|Written by Eric Reynolds | Filed under Francesca Ghermandi, art||16 Apr 2008 9:47 PM|
Whoops. only 10 minutes left to post my sketchbook pic of the day. Courtesy the horribly underrated Francesca Ghermandi.
Search / Login
Sign up for our email newsletters for updates on new releases, events, special deals and more.
This week's free preview is a downloadable 25-page excerpt — the entire first chapter — from the upcoming expanded and revised softcover edition of Rebel Visions: The Underground Comix Revolution 1963-1975, the definitive history of the era by Patrick Rosenkranz. These previews are exclusive to registered Fantagraphics.com users, so sign up and/or sign in to view.(As a reminder, 20/20 Club members receive these previews two weeks before we post them on the website, just one of many great reasons to join up...)
Hot on the heels of his first graphic novel, House, Josh Simmons' Jessica Farm fuses serialized adventure, fantasy and psychological horror and stamps it with his signature macabre sensibility in his atmospheric new graphic novel. Like a Lynchian take on Alice in Wonderland, Jessica Farm opens with an exterior of what could be any Midwestern farmhouse: once inside, we track our titular heroine as she bounds out of bed on Christmas and goes about her morning routine, eventually breakfasting with her grandparents. The banality of the situation is subverted by a ratcheting sense of dread, however, as we discover that Jessica's increasingly nightmarish house is filled with creatures around every corner: some whimsical, some sexual, some despairing and some malevolent. Jessica Farm is an ambitious experiment in world-building: as conceived by Simmons, this book is the first volume of a life-spanning comics project in which he drew one page every month for the past seven years, starting in January 2000 — and will continue this project for 50 years in total, making up the story as he goes and releasing 96-page increments every 8 years until he amasses a 600-page body of work.
Front cover hand lettered and designed by Robert Crumb, plus five wonderful pages of sketchbook drawings inside! Back cover by Christoph Mueller, "My Angel of Sin"! The life of famous Beat underground poet, Diane Di Prima, drawn and written by Mary Fleener (with guest Harvey Pekar)! Poetry by Diane Di Prima! "Pat & Corky" fiction by J.R. Helton, Zippy the Pinhead and how Bill Griffith got his start! New artwork by Christoph Mueller (with guest Joe Coleman) and William Crook, Jr.! Jay Lynch & Ed Piskor's story about Lynch and Crumb going to visit Chester Gould! "In Praise of Goth Beauticians" by Andrei Codrescu and illustrated by Aaron Lange! Plus the long awaited next chapter to the Green Star by editor Everett Rand, also Frank Stack, Bruce Simon, Aaron Lange, letters from around the globe and more!!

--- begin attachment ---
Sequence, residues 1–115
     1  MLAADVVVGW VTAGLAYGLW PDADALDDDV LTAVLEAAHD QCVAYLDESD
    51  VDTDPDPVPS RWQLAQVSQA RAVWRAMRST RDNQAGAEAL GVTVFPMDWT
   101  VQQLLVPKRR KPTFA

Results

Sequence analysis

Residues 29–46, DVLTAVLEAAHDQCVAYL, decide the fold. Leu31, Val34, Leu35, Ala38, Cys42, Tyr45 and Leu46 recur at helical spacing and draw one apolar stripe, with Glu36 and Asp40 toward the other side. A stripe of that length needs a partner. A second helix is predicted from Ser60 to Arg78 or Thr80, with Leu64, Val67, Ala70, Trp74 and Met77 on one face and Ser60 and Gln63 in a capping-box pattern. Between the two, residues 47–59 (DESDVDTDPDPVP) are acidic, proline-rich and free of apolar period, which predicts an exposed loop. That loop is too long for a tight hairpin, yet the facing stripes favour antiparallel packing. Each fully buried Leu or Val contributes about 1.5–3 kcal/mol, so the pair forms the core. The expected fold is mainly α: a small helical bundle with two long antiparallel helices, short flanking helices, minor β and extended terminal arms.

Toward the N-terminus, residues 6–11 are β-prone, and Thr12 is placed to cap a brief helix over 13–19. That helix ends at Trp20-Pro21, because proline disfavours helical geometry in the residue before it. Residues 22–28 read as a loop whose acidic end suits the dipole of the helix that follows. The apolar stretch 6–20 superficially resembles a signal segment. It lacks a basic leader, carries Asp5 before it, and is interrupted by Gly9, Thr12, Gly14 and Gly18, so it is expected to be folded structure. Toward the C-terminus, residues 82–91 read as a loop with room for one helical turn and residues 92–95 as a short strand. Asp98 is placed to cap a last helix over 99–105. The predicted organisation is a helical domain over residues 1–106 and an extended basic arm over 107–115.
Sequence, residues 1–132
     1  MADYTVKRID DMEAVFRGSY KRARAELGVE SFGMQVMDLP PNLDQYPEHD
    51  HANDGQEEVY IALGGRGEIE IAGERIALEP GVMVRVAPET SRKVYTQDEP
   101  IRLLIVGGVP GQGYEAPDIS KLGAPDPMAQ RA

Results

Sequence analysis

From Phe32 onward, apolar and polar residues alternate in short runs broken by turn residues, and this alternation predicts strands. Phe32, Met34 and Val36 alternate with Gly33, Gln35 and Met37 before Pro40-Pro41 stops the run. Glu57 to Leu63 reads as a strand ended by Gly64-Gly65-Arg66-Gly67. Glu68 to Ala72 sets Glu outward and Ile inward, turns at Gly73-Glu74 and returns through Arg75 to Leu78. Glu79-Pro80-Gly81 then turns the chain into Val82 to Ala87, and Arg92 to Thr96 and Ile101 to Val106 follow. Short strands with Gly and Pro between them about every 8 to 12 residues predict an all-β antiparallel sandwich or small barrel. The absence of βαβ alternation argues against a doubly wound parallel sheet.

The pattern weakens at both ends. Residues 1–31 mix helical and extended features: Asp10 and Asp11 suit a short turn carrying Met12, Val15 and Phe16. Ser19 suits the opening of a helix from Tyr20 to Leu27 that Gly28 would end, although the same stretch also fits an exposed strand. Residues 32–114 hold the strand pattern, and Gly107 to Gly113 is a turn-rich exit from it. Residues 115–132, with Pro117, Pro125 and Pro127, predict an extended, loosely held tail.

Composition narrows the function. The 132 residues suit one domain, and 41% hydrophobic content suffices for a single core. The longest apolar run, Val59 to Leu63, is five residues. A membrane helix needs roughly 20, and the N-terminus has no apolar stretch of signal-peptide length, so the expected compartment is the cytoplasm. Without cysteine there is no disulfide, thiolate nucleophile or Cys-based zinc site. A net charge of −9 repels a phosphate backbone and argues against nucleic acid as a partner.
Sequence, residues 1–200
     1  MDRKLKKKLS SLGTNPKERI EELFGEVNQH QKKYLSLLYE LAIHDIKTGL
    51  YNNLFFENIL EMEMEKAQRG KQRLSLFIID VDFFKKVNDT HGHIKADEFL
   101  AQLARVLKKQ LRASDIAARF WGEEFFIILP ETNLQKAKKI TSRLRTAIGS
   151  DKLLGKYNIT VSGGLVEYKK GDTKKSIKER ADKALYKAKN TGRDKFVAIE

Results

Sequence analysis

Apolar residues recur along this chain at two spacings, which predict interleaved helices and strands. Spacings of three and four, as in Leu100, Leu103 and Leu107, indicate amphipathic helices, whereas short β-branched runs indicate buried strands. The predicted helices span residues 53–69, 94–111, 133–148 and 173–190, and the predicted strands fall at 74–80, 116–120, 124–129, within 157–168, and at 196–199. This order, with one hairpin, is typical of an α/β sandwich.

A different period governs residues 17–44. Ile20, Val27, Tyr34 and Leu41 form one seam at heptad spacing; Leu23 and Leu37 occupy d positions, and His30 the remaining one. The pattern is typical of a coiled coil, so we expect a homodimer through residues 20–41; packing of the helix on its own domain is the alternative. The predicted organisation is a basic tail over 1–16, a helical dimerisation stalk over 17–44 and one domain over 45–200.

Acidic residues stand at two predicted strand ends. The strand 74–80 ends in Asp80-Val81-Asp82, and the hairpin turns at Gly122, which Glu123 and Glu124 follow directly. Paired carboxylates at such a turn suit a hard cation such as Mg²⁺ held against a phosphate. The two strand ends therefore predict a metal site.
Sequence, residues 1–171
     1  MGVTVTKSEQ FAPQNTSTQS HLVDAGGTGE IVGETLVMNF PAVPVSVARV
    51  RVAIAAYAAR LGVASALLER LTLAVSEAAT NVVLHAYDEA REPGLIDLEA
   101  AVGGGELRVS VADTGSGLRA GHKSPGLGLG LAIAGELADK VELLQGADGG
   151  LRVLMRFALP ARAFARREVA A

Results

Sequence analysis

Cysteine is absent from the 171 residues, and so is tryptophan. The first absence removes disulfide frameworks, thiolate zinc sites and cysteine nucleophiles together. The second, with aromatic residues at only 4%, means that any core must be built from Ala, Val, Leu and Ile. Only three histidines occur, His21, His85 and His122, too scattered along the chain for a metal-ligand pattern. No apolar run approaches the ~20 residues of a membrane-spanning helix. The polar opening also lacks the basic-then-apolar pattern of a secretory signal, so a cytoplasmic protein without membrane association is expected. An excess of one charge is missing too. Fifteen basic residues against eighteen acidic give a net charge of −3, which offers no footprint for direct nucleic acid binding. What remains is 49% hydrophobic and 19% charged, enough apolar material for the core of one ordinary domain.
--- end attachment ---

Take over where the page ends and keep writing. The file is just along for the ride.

The Comics Journal #289
In this issue of The Comics Journal:
As always, we’ve got teasers from the new issue on the TCJ.com website, including extracts of our Robert Kirkman and Shaun Tan interviews, plus Michael Dean’s Marvel Zombies essay in its entirety! Boasting absolutely no zombie-variant covers whatsoever, The Comics Journal #289 will enlighten, entertain and irritate comics connoisseurs in all the ways you’ve come to know and love.
Don't miss the inaugural event this Friday night at Brooklyn's DESERT ISLAND COMICS!
WHO: Paul Karasik & Mark Newgarden
Desert Island Comics
Apparently in the alternate universe known as Sweden cartoonists are given their own glossy entertainment magazine and hang around with Fiddy and his G-Unit crew. (Photo supplied to Kim Thompson by Häkon Strand of Strand Comics.)
This seems like a good time to remind you to stay tuned for daily Rocky strips in English here on Fantagraphics.com starting in the near future!
Ray Fenwick's amazing first book, The Hall of Best Knowledge, hits stores any day now from Fantagraphics and the publicity is just starting to come in. Today there's a great feature on Ray in The National Post of Canada.
Meanwhile, the May 1 issue of Booklist features a starred review of Hall of Best Knowledge. "This is a life-passage story that reveals itself as such so slyly that the joy and loving humilty it evokes at the end are breathtaking," writes Ray Olson. Couldn't agree more.
We recently received a large package of original art from Al Jaffee for our upcoming complete Humbug collection. Here's just one amazing example -- click the image above to see a high-res version, and click here for a set with close-up detail photos. Also, if you haven't seen it already, see our nifty feature detailing the production process of restoring a Humbug page.